ID 510 Final project


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ID 510 Final project

  1. 1. The Best Program for Math and Science: Lauren Foley July 23, 2013
  2. 2. The balanced, coordinated, supported math and science curriculum ensures the mathematic and scientific literacy of the future
  3. 3. A coordinated cycle of learning combines Math, Science and English Language Arts. “Inquiry-based science and reading emphasize a shared set of intellectual processes”(Vasquez, 2008, p. 28). “Supporting the development of students’ literacy skills will allow them to deepen their understanding of mathematics concepts and help them to determine the meanings of symbols, key terms, and mathematics phrases, as well as to develop reasoning skills that apply across the disciplines” (Massachusetts Curriculum Framework for Mathematics, 2011, p. 17).
  4. 4. A Balanced Approach  Connects Literature with Math & Science  content related fiction & picture books  informational text at a variety of reading levels  articles from current newspapers &magazines  A print-rich classroom  illustrated word walls  content anchor charts  Daily writing about math and science  observations, opinion pieces, explanatory text, procedures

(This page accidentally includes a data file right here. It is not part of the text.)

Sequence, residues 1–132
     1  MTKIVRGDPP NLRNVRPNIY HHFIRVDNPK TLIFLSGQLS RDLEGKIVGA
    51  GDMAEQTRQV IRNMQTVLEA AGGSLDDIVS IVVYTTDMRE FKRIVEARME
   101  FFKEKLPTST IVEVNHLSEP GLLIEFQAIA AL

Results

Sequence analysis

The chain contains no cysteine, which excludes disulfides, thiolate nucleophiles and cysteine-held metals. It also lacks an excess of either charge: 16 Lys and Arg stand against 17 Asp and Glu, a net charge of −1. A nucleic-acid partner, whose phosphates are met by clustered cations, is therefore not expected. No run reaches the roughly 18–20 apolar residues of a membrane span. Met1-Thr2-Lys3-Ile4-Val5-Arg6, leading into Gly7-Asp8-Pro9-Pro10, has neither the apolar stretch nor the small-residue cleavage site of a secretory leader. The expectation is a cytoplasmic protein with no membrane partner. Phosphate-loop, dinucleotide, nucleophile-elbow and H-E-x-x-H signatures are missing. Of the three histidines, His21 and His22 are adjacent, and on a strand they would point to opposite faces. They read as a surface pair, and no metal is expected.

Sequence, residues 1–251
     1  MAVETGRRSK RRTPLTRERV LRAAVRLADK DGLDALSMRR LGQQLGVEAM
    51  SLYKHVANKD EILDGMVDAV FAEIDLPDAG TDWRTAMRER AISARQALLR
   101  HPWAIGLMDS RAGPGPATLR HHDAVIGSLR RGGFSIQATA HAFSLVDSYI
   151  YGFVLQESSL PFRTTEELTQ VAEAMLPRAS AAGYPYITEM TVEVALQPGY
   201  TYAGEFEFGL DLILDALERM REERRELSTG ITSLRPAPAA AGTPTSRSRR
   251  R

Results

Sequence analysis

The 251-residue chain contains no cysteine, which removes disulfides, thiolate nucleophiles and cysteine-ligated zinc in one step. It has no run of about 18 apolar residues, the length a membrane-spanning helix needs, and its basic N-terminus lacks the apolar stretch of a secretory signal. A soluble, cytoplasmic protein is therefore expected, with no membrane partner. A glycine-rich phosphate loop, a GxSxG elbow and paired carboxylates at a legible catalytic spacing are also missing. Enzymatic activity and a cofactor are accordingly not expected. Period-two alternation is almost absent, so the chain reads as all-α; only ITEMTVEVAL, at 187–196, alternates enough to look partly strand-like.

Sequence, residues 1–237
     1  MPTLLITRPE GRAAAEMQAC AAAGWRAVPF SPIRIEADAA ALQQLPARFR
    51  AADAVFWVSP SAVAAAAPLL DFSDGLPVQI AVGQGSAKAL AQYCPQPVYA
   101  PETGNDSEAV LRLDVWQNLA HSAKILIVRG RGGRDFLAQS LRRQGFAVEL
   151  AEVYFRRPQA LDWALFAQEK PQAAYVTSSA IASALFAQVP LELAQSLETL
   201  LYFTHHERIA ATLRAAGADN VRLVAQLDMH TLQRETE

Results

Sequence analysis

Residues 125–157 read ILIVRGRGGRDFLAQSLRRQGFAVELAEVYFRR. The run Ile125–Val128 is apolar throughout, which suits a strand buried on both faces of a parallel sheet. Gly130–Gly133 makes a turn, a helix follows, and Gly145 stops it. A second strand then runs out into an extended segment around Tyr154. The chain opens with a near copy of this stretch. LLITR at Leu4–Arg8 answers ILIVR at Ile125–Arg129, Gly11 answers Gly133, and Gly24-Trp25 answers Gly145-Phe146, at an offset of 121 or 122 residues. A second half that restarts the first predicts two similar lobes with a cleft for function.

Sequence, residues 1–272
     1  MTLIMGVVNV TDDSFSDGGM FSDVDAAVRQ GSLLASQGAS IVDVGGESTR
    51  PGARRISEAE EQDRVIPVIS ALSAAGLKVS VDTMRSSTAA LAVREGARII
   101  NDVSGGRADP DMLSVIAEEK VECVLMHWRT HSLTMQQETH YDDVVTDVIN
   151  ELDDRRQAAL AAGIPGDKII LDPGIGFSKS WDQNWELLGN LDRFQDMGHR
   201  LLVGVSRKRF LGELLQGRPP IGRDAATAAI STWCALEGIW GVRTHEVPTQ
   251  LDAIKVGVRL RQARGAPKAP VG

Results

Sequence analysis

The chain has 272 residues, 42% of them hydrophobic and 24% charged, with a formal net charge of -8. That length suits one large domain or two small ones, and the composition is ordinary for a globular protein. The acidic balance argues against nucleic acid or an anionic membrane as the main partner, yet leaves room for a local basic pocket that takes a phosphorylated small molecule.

5. 5. Daily and Weekly  Math  frequent skills practice for fluency  problem solving with a partner  communicating strategies  instruction in line with Common Core State Standards  Science  pose a question; design & conduct and investigation; evaluate the results; revise as necessary  research and apply new information  record and communicate to others  instruction in line with Next Generation Science Standards
  6. 6. Highlights  Hands-on and Minds-on  Equity in learning  Variety of learning and assessment methods  Meets Common Core Standards for Math and ELA  Meets Next Generation Science Standards